Source:

Dellon E, et al. Abstract OP180. Presented at: UEG Week; Oct. 3-5, 2021 (virtual meeting).

Disclosures: Dellon reports serving as an investigator in the ENIGMA study.
October 12, 2021
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Lirentelimab safe, effective in long-term gastritis, duodenitis treatment

Source:

Dellon E, et al. Abstract OP180. Presented at: UEG Week; Oct. 3-5, 2021 (virtual meeting).

Disclosures: Dellon reports serving as an investigator in the ENIGMA study.
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Lirentelimab was safe and effective in the long-term treatment of patients with eosinophilic gastritis and/or eosinophilic duodenitis, according to a presentation at UEG Week.

“Lirentelimab, previously called AK002, is a humanized monoclonal antibody that targets a receptor called siglec-8 that’s highly specific in eosinophils and mast cells. When this receptor is activated, it creates an inhibitory signal that leads to eosinophil depletion and mast cell inhibition,” Evan S. Dellon, MD, MPH, of the University of North Carolina School of Medicine at Chapel Hill, said. “ENIGMA was a phase 2, multicenter, randomized, double blind, placebo-controlled study of lirentelimab (3 mg/kg) in 65 patients with eosinophilic gastritis and/or duodenitis with active moderate to severe symptoms and active eosinophilia on biopsy. Lirentelimab met the primary and secondary endpoints and was well tolerated.”

Among patients dosed with lirentelimab for eosinophilic gastritis and/or eosinophilic duodenitis: 97%; Phase 2 study results revealed lirentelimab reduced gastrointestinal eosinophils by 97% compared with placebo. 75%; Compared with baseline, 26 patients in the open label extension study demonstrated a mean 75% reduction in total symptom score. 100%; According to endoscopy at week 78 in the extension study, 100% of patients achieved histologic remission.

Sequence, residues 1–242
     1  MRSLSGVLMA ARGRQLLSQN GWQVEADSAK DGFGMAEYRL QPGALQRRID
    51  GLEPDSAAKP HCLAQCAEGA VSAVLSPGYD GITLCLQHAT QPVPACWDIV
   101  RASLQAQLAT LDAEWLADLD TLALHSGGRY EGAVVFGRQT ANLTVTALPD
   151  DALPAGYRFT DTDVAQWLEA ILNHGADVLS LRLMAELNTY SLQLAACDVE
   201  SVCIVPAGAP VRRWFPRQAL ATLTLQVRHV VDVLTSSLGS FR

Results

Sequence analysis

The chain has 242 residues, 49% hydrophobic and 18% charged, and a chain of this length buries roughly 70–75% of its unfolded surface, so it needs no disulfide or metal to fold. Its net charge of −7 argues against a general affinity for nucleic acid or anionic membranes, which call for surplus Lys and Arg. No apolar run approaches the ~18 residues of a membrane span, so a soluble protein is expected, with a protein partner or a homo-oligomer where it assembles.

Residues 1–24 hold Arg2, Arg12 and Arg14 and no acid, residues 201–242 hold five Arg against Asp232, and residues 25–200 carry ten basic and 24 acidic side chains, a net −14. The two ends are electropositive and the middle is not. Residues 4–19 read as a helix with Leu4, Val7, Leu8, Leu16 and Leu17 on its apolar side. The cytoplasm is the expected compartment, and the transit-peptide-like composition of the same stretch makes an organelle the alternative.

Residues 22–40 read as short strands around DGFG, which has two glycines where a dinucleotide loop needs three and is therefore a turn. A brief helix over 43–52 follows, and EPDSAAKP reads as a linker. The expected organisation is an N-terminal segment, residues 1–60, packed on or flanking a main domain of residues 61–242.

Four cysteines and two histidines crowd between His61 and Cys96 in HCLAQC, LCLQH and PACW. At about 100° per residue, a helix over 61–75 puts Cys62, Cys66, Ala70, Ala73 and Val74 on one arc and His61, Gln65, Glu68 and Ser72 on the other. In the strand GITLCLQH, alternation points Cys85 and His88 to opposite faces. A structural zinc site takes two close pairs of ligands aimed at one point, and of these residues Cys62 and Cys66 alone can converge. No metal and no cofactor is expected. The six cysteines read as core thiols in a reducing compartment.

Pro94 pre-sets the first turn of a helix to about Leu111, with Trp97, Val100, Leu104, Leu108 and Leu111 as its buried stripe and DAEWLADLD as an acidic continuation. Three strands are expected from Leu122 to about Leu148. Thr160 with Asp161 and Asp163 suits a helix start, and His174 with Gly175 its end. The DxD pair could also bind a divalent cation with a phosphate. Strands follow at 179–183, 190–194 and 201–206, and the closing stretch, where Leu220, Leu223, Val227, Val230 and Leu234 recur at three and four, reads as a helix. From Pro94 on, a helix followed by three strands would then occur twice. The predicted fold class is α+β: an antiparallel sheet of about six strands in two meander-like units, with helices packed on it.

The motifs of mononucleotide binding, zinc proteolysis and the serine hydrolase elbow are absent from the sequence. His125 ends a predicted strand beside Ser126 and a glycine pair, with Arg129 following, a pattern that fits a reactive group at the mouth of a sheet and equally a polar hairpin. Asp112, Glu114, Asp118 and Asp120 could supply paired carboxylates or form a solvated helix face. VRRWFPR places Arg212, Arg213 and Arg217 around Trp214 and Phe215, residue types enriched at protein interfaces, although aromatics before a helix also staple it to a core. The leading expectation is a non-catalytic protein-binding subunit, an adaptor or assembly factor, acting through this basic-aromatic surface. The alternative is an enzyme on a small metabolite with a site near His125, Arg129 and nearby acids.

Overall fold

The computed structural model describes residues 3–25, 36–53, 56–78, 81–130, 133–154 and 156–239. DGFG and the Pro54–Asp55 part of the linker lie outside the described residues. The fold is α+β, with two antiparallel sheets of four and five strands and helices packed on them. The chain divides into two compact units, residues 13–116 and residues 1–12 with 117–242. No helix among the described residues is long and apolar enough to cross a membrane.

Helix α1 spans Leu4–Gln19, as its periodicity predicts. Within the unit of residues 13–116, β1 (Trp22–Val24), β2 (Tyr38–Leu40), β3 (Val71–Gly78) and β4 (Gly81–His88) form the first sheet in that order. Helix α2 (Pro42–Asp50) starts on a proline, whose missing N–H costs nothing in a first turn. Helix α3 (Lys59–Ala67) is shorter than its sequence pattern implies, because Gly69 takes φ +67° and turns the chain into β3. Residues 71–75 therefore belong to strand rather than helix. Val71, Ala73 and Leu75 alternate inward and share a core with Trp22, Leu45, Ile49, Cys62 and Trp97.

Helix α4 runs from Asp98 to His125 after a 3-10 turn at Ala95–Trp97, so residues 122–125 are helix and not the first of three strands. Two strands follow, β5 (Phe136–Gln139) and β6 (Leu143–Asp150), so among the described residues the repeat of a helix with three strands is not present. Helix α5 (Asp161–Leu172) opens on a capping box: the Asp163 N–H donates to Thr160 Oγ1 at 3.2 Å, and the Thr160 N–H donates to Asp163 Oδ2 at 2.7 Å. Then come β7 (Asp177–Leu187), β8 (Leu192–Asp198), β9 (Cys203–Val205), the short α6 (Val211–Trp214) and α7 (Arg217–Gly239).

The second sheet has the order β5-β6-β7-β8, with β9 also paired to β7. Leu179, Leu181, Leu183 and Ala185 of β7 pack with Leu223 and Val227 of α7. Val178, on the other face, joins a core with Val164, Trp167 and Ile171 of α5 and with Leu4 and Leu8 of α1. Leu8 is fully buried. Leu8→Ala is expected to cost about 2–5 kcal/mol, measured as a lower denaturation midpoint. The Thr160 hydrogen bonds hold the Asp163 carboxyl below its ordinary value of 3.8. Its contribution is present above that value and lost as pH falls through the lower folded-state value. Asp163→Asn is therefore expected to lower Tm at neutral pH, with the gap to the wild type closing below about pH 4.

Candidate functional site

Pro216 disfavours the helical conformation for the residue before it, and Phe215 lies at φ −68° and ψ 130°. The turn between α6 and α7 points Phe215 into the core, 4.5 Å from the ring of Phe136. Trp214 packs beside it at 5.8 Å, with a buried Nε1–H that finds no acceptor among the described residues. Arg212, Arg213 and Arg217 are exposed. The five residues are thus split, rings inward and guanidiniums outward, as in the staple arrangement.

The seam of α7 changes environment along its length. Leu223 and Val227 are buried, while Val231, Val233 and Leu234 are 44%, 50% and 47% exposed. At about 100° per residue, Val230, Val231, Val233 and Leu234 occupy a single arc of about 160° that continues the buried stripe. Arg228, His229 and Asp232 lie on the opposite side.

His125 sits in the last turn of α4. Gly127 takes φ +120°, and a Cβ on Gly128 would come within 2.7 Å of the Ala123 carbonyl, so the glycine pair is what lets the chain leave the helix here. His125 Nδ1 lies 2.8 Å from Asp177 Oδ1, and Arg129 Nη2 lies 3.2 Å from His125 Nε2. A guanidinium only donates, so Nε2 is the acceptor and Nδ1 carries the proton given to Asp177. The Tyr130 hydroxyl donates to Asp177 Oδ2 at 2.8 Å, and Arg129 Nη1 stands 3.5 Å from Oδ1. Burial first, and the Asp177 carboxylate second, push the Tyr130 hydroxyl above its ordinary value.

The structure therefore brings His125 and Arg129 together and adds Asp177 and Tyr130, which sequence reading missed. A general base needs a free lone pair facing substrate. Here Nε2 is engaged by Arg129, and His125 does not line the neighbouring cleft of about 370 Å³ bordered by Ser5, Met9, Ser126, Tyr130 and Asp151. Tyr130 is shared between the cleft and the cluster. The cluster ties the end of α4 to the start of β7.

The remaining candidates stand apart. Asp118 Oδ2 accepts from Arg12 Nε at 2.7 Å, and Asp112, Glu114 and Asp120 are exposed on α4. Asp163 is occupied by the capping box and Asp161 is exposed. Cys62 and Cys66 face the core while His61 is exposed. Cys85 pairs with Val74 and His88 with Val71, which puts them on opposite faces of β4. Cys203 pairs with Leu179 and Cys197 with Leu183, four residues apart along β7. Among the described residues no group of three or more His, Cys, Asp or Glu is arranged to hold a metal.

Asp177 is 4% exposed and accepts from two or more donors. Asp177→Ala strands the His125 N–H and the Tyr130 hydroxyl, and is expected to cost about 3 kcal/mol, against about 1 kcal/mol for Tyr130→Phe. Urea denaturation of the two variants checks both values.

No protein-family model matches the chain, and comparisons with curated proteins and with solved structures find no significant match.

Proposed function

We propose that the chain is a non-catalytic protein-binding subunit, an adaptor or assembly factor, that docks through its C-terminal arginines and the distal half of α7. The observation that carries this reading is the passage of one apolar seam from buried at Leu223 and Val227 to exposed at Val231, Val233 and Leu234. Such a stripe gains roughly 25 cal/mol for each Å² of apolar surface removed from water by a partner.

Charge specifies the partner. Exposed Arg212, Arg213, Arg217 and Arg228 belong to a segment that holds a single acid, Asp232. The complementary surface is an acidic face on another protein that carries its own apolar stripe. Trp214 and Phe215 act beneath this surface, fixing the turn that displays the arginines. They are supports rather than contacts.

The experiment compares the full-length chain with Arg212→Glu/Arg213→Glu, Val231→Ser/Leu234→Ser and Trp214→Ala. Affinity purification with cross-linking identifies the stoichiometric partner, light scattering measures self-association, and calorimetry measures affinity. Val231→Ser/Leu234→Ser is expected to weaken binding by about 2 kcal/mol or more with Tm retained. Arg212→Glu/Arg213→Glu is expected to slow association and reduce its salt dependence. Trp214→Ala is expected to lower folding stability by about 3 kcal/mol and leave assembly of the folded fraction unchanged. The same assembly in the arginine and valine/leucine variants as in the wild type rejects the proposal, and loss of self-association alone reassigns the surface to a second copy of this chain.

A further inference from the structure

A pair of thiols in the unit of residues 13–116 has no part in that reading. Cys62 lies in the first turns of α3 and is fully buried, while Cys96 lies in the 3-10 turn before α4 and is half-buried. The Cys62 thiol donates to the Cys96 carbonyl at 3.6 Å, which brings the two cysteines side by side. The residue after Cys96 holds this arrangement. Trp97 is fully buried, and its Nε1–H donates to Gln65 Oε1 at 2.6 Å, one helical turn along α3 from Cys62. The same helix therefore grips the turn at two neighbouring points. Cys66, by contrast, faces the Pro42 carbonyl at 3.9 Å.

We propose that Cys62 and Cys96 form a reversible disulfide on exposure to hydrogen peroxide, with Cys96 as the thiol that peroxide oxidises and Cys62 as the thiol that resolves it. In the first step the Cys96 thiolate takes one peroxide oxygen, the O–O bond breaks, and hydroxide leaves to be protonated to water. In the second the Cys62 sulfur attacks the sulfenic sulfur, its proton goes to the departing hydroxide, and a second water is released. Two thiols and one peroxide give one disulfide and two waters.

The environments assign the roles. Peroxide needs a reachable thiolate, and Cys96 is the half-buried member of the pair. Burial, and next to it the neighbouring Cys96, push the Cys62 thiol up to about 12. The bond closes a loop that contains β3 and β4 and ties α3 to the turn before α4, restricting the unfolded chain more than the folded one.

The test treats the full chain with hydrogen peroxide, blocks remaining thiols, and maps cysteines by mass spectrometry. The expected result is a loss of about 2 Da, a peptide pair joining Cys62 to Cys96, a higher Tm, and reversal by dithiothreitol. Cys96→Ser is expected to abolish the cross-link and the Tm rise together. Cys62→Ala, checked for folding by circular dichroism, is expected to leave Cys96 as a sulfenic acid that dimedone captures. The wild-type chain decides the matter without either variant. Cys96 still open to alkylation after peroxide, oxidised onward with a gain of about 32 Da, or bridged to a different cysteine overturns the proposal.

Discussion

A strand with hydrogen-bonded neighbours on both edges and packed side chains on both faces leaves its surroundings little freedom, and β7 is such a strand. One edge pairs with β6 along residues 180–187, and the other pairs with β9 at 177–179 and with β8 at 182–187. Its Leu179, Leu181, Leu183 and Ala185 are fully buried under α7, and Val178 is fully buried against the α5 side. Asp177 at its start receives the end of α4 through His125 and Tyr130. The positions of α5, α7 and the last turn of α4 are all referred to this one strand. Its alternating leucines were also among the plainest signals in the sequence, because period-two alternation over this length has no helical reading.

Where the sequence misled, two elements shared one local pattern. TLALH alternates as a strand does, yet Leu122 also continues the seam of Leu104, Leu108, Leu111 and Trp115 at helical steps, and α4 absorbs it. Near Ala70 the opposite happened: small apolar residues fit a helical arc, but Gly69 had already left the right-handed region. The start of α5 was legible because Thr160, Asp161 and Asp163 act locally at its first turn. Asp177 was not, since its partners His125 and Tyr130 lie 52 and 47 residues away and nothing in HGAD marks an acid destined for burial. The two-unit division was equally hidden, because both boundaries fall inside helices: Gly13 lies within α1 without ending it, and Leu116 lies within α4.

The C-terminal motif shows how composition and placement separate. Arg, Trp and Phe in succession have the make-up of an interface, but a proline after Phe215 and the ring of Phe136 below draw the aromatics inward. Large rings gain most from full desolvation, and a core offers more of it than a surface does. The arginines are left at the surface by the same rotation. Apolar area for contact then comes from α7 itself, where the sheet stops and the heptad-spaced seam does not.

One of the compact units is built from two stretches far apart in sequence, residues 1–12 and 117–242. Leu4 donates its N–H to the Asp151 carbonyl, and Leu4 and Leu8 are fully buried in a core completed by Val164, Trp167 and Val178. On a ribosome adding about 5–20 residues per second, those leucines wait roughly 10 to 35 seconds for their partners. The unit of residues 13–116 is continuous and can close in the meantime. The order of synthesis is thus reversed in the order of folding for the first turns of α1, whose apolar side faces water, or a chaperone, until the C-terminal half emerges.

Specifically, phase 2 study results revealed lirentelimab reduced gastrointestinal eosinophils by 97% and total symptom score by 58% compared with placebo.

To investigate the long-term drug safety and efficacy, 58 patients previously enrolled in the ENIGMA study entered the open label extension study and received monthly intravenous doses of lirentelimab on a dose-escalation schedule (0.3 mg/kg or 1 mg/kg escalating to 3 mg/kg). Researchers assessed weekly total symptom scores using electronic daily patient-reported outcome questionnaires and performed upper endoscopy at screening, week 16 of the ENIGMA study, week 30 and week 78 following the first open label dosage. They noted 26 patients completed 94 weeks of lirentelimab treatment as of March 2021.

Compared with baseline, patients demonstrated a mean 75% reduction in total symptom score with a significant decrease among all studied symptoms (abdominal pain, nausea, vomiting, early satiety, loss of appetite, abdominal cramping, bloating and diarrhea). According to endoscopy at week 30 and week 78, 94% and 100% of patients, respectively, achieved histologic remission with no serious drug-related adverse events.

“Long-term treatment with lirentelimab results in sustained histologic and symptomatic improvements in patients with eosinophilic gastritis and duodenitis through week 94. There was also a sustained response of blood and tissue eosinophil depletion and symptomatic responses improved with increased duration of treatment,” Dellon concluded. “Long term treatment with lirentelimab was generally well tolerated; these data support ongoing studies of lirentelimab for eosinophilic GI diseases.”